Growth of civilization

The civilization of ancient Egypt happened at the same time Mesopotamian civilization was taking place in other areas in the nations of the Akkadians, Babylonians and the Sumerians. Hence, most other parts of the world were also going through major revolutions in the religious spheres. For instance, the Egyptian civilization is believed to have originated from the west and other neighboring nations as well as some internal influences.

As mentioned before, civilization in ancient religious practices saw the worship of animals turned into the worship of image and pharaoh’s role as a mediator between gods and people changing to a position where he considered himself a divine being.8 The rule of pharaoh which was believed to have qualities such as righteousness, order, justice, and truth brought stability and harmony which earlier on was not manifested in image worship. Due to this and other related factors, religion created optimism, confidence and acted as a unifying factor.

Monotheistic Civilizations

Similarities and differences between Persian, Hebrews and Islamic gods

One of the most significant similarities in worship among the aforementioned religious groups is the worship of one God. The three religions were influenced by Judaism and are all Abrahamic religions. However, since they are monotheistic, they differ in how they regard and name their god. The Persian Manichaeism and Zoroastrianism refer to their god as Ahura Mazda, the god of purity and fire. The Hebrew refer to their God as Yahweh, a trinity God while the Muslims refer to theirs as Allah.

Monotheism is the belief in the existence of a single god. It has been the foundation of some of the major civilizations in the world such as Persian, Islam, and Hebrew. However, monotheistic religions may still include concepts of a plurality about the divine, like the Trinity, where God is one having three eternal persons. 9 The Hebrews also played a significant role in the civilization of ancient Egypt. The influence exerted by the Hebrews on the western intellectual tradition and the western society was so immense that affected the patterns and activities of other great institutions.

According to the Hebrews, there is only one God to whom they are committed to worship and follow his laws as stated in the Old Testament. The heroes of the Jews, Muslims, and Persians, unlike the Egyptians, were men and women and not gods and goddesses. These heroes represented both the strong and the weak men and women. The Egyptians and the Sumerians had adopted the worship of many gods also referred to as polytheism and as mentioned earlier on, the dominance of the gods depended on the kings. The Hebrews, Persians, and Muslims, on the other hand, believed their God was sovereign and practiced monotheism.

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Before the introduction of Islam into Iran, Persians were practicing one of the very oldest monotheistic religions, Zoroastrianism. 10Their civilization had been developing around this religion, which proclaimed the existence of the only one Lord Wisdom known as Ahura Mazda. The other important perceptions of the religion were Senta Mainyu, the character of good and Angra Mainyu, the character of evil. The later monotheistic religions such as Judaism and Islam are said to have taken several prophetical teaching and practices from Zoroastrianism. Even though it has a very few followers now, it is still practiced as several Iranian festivals are centered on the specific calendar of this religion.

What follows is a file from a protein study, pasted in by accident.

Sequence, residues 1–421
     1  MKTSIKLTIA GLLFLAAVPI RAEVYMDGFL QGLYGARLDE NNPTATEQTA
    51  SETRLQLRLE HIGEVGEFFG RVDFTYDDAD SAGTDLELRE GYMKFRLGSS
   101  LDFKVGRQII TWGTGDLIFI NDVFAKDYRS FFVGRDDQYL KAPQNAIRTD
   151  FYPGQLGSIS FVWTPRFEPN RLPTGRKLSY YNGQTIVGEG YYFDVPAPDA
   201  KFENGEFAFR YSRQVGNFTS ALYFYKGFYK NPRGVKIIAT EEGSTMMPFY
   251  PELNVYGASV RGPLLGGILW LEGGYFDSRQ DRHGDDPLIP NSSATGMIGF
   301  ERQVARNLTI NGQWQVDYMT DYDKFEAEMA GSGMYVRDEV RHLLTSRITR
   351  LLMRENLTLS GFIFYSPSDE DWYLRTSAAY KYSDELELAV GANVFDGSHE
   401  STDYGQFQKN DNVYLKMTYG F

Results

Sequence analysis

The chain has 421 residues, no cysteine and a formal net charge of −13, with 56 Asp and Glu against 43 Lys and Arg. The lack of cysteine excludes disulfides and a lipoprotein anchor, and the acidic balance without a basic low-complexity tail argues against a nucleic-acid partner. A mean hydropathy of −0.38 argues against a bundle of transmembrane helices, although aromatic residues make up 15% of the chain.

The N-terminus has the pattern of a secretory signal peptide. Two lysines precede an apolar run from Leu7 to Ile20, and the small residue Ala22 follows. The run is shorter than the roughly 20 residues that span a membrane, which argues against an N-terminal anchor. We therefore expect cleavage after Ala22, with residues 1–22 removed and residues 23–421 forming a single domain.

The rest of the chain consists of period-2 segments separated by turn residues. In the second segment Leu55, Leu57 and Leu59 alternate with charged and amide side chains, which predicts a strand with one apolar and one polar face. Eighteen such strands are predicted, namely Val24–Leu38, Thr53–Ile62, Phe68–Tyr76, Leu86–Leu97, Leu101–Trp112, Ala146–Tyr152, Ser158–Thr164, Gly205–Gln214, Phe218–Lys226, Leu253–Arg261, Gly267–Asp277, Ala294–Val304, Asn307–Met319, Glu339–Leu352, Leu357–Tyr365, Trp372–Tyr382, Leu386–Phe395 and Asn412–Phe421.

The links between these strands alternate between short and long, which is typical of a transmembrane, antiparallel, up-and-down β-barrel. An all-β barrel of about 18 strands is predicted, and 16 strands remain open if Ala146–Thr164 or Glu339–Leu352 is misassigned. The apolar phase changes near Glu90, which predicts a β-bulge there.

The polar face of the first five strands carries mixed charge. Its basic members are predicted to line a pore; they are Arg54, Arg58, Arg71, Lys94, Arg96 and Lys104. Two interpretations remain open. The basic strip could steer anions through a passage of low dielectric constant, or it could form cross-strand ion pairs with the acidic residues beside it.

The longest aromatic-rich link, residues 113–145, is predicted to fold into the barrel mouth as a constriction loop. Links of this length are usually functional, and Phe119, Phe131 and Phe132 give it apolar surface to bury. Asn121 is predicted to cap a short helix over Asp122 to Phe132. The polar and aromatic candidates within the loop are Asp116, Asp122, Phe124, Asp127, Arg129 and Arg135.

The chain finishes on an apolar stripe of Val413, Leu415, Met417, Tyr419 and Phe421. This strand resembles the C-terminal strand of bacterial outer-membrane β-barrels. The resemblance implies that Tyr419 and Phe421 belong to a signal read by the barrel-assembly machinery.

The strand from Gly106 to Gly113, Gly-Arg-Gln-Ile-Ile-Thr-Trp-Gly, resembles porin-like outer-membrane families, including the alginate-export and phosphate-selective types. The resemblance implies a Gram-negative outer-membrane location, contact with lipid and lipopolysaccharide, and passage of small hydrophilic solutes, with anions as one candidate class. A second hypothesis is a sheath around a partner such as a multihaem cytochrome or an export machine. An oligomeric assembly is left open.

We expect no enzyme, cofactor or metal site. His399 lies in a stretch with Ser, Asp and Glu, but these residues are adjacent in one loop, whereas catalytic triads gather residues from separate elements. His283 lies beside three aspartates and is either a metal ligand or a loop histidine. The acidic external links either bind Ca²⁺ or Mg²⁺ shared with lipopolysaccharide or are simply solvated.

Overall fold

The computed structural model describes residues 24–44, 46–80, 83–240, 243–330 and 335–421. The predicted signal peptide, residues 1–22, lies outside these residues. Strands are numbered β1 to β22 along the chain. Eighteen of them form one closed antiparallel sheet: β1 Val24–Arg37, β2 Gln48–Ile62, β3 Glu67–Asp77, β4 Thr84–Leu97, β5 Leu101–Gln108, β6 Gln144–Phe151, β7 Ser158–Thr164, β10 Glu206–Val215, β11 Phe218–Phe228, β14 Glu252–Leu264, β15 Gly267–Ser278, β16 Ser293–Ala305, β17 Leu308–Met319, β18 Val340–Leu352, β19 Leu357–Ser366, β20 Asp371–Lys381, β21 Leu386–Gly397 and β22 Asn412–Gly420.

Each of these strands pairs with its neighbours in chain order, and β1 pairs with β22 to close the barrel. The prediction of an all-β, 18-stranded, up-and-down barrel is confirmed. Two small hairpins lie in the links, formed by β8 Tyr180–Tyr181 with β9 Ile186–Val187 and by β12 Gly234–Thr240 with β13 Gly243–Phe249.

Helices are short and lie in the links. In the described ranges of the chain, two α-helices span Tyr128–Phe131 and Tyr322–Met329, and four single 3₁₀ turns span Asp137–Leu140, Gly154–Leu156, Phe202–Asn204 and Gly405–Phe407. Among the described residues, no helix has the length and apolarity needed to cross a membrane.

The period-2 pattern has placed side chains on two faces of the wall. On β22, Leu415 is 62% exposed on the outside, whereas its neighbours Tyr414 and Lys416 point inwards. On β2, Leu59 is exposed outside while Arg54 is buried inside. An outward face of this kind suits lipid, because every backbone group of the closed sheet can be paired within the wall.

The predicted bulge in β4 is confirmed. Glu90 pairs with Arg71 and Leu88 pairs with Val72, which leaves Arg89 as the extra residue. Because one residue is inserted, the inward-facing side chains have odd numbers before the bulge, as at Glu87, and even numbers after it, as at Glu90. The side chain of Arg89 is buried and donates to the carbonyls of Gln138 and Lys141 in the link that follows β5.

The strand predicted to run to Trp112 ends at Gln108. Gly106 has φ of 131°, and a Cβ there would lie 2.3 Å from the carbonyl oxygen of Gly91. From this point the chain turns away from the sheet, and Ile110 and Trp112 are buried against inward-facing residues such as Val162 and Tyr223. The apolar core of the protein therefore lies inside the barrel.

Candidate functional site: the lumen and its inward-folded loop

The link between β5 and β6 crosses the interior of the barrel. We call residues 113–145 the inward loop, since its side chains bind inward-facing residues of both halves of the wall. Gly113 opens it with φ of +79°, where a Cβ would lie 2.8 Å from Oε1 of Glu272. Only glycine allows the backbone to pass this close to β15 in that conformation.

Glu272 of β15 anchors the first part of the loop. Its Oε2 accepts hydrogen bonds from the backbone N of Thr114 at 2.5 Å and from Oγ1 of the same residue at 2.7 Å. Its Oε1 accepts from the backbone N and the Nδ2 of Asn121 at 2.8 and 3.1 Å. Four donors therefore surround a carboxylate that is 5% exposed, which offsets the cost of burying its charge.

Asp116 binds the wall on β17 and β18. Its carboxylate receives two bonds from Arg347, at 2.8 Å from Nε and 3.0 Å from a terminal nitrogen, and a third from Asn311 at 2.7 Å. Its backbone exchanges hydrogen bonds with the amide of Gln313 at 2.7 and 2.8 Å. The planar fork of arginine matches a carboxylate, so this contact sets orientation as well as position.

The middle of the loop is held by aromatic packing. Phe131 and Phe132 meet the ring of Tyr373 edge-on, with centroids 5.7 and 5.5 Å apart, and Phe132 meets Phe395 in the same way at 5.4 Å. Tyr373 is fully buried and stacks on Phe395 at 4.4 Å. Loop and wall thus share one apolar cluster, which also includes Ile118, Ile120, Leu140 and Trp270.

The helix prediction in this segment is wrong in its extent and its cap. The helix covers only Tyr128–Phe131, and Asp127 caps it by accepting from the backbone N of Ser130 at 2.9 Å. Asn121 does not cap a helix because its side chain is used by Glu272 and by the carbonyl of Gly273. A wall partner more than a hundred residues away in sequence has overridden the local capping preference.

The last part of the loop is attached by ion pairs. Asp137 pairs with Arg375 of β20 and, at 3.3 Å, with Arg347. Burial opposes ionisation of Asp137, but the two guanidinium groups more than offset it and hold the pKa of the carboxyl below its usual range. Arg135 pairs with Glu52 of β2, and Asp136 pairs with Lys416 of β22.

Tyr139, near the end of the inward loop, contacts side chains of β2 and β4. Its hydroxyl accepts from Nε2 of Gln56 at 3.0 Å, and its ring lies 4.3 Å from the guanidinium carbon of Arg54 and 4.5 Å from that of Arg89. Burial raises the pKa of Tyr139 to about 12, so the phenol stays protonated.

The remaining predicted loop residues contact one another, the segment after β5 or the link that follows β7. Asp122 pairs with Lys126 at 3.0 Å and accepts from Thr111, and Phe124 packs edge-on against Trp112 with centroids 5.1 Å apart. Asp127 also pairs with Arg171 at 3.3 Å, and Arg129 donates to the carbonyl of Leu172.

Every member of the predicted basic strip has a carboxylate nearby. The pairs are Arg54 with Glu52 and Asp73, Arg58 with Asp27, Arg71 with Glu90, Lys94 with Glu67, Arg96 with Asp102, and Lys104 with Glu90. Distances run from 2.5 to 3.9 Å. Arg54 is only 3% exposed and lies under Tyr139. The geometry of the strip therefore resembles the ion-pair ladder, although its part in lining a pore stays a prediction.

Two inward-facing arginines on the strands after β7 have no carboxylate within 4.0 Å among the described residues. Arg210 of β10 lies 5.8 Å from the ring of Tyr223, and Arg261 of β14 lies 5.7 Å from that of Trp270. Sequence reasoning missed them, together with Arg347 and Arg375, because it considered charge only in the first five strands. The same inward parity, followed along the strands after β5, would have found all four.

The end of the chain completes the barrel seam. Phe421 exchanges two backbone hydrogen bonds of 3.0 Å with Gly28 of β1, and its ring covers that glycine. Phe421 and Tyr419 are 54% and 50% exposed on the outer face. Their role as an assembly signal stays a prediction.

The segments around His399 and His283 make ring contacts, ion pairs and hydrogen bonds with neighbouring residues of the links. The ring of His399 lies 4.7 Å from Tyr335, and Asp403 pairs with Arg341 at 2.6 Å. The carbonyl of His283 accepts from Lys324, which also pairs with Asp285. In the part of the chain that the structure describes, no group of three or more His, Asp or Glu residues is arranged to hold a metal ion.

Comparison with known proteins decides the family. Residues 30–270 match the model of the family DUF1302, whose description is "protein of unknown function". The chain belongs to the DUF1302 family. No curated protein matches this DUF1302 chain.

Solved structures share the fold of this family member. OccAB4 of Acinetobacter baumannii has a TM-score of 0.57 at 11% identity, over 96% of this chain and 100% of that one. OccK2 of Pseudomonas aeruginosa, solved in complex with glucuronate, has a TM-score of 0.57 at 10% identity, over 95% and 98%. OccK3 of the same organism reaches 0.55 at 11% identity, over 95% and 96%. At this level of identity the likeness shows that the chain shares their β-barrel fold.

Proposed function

Even though the Hebrew civilization had been badly impacted by the invasion of the Assyrians, Chaldeans, and Persians, their spiritual legacy influenced most of their contribution to the later expansion of Western civilization. The development of Islam was highly influenced by the Hebrews monotheistic beliefs and spiritual legacy centered upon Judaism. Hebrew civilization had affected the Judaea-Christian heritage of Western civilization, including their ideas about law, ethics and morality, and the social justice system.

Societal Impact of Religion in Monotheistic Civilizations

The starting of monotheism had great effects between the state and society as a whole in comparison to polytheistic religious practices. Social, psychological and economical processes have identified the moral, egalitarian and ethical elements of the religions in general and monotheistic civilizations in specific. Armstrong states:

“It has to be said that this imaginative portrayal of God in human terms has inspired a social concern that has not been present in Hinduism. The Jews would be the first people in the ancient world to establish a welfare system that was the admiration of their pagan neighbors”.11

Even though the writings on religion and economics were relatively embryonic, they still entail some important contributions on the relationship between religion, economics, and government. From an economic point of view, monotheistic civilizations engaged in a strong degree of enlarging returns to scale and the natural monopoly powers commensurate with it. The Hebrews believed that the worship of idol gods that like in the case of ancient Egypt was not ideal as it represented an incapable god put in images making them less sovereign. Further, the Hebrews believed that the Egyptians could not obtain freedom from idol worship.

The arrival of the Hebrews into Egypt brought a different influence to the ancient Egyptian way of worship. Their belief system and the sovereign expression of their God in the rescue mission of the Israelites from Egypt played a key role in creating change in the religious atmosphere in Egypt. Additionally, the Hebrews believed in the universal significance of their religion. Their culture and life was to control their way of life by complete segregation form of society and to maintain relatively secured collective boundaries. 12Undergoing the long Halkhic predominance period, the inter-civilizational elements were about the other monotheistic civilizations. Christianity and Islam, the axial monotheistic religions were in their efforts to constitute all others into their civilization including the Jews.